Fact checks about countries

FACT CHECK: No PH version of NATO formed


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FACT CHECK: No PH version of NATO formed
There are no official announcements or reports about any supposed Philippine plan to establish a security alliance similar to the North Atlantic Treaty Organization

Claim: The Philippines has created a North Atlantic Treaty Organization (NATO)-like alliance in response to China’s hostility in the West Philippine Sea.

Rating: FALSE

Why we fact-checked this: The claim was made in the title and thumbnail of a YouTube video posted by Boss Balita TV, which has gained 35,000 views and 1,300 likes as of writing.  The channel that posted the video has 342,000 subscribers and has been fact-checked by Rappler multiple times.


(PBBM stuns China! Philippines establishes NATO! This is a fierce showdown! A huge slap on China!)

In the video, a narrator claims that the US, Japan, and Australia are collaborating to form a NATO-like group in the Philippines.

The facts: There are no announcements from Malacañang or reports from reputable news sources regarding any supposed order or plan for the Philippines to establish a NATO-like security alliance. 

The video only showed clips of an August 18 news conference at Camp David with US President Joe Biden, Japanese Prime Minister Fumio Kishida, and South Korean leader Yoon Suk-yeol, and an unrelated clip of a February 2023 media interview with President Ferdinand Marcos Jr.

About NATO: NATO is a military alliance of 31 countries across North America and Europe, formed in 1949 through the Washington Treaty. Its purpose is to “guarantee the freedom and security of its members through political and military means.” This means that members agree to help each other if attacked, as stated under Article 5 of the Washington Treaty.

Contrary to the claim made in the video’s title, the Philippines cannot be part of NATO because, as the name suggests, it is not part of the North Atlantic area. NATO membership is open to European states that can contribute to the security of the North Atlantic.

Joint drills: The video used clips from the Camp David conference to imply the three leaders’ involvement in forming the supposed NATO-like alliance. The clips were accompanied by a voice-over from a news report on a proposed trilateral naval drill to be conducted by the US, Japan, and Australia in the South China Sea.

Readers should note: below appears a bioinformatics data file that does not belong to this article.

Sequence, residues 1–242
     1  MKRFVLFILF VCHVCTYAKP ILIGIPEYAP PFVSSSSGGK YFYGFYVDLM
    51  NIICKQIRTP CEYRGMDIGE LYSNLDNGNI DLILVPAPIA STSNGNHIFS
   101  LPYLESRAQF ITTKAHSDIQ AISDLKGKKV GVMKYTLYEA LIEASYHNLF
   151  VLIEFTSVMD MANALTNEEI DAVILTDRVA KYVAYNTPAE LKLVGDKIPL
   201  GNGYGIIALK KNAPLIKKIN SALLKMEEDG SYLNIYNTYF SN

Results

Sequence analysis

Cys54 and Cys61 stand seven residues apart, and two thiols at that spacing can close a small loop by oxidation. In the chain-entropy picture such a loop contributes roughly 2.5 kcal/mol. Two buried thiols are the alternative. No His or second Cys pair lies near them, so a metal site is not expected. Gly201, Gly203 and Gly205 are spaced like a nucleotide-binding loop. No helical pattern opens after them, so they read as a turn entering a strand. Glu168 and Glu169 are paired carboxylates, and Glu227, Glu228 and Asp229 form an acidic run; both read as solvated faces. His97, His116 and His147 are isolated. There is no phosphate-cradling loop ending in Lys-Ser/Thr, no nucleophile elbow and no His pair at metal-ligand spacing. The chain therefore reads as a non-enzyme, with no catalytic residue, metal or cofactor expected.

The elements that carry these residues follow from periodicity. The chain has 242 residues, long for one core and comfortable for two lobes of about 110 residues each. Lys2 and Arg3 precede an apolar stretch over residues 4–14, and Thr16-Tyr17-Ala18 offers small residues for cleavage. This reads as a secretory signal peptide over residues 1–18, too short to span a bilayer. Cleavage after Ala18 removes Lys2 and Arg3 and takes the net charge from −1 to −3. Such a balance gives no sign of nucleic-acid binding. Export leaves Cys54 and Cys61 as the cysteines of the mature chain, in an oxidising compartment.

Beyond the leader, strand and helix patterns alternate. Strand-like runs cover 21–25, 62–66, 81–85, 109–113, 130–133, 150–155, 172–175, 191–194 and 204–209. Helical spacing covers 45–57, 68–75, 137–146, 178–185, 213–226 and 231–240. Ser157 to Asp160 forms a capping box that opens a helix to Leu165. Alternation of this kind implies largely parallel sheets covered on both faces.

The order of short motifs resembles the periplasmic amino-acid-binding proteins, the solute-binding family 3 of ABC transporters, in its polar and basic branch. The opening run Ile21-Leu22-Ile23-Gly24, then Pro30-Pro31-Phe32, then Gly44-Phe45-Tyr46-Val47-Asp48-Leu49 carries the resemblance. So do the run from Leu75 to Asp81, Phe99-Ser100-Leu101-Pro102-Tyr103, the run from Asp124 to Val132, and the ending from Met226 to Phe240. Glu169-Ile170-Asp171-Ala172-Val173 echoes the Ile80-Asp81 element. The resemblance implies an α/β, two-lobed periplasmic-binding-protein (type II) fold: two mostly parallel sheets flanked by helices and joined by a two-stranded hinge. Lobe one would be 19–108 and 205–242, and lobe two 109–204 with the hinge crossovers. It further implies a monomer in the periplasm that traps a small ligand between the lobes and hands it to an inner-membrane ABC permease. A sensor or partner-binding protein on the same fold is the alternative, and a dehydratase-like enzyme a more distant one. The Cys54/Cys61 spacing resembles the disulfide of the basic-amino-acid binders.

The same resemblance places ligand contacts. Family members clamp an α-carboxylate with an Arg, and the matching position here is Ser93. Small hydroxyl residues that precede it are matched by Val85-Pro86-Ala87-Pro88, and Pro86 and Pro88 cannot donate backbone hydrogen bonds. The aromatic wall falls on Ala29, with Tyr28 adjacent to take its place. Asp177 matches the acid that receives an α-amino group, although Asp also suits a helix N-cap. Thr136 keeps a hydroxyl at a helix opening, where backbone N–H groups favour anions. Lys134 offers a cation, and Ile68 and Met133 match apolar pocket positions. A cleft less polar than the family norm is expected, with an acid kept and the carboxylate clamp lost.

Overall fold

According to a report by ABC News, the naval drill aims to show the three countries’ commitment to the rule of law in the region after the recent incidents of Chinese maritime aggression against the Philippines. The drill will reportedly include the deployment of aircraft carriers sailing together in a show of force.

Amid reports that the Philippines was excluded from these drills, the Armed Forces of the Philippines (AFP) clarified that it did not receive an invitation to join the naval exercises. 

Washington Deputy Pentagon Press Secretary Sabrina Singh also said there was no “exclusionary purpose” in the Philippines not receiving an invite, saying that it was “just one instance of this being a trilateral exercise with just these three countries.”

These developments came after the August 5 incident in which Chinese vessels blocked and fired water cannons at Philippine ships in the West Philippine Sea.  

Support for Manila: The US, Japan, and Australia have previously conducted joint naval drills to reinforce their alliance with the Philippines. In June, the Japan Coast Guard participated in a trilateral maritime exercise with the Philippine Coast Guard and the US Coast Guard to strengthen interoperability between the three. Last year, the AFP held two naval exercises with the US and Australia. The AFP is currently engaged in its first-ever bilateral amphibious drills with the Australian Defense Force, Exercise Alon 2023, which kicked off on August 14.

The three countries have also expressed their support for the 2016 Hague ruling that upheld the Philippines’ territorial rights in its exclusive economic zone in the West Philippine Sea and invalidated China’s nine-dash line claim over most of the South China Sea.

Since the water cannon incident, numerous misleading claims have come up, which Rappler has debunked:

  1. FACT CHECK: Video of China’s South China Sea missile drills not new
  2. FACT CHECK: US not involved in water cannon incident in West Philippine Sea
  3. FACT CHECK: PH not under martial law after China water cannon incident
  4. FACT CHECK: No promise from Germany to defend PH against China
  5. FACT CHECK: No orders from Marcos expelling Chinese envoy to PH 

Andrei Santos/Rappler.com

Andrei Santos is a graduate of Rappler’s fact-checking mentorship program. This fact check was reviewed by a member of Rappler’s research team and a senior editor. Learn more about Rappler’s fact-checking mentorship program here.

Keep us aware of suspicious Facebook pages, groups, accounts, websites, articles, or photos in your network by contacting us at factcheck@rappler.com. Let us battle disinformation one Fact Check at a time.

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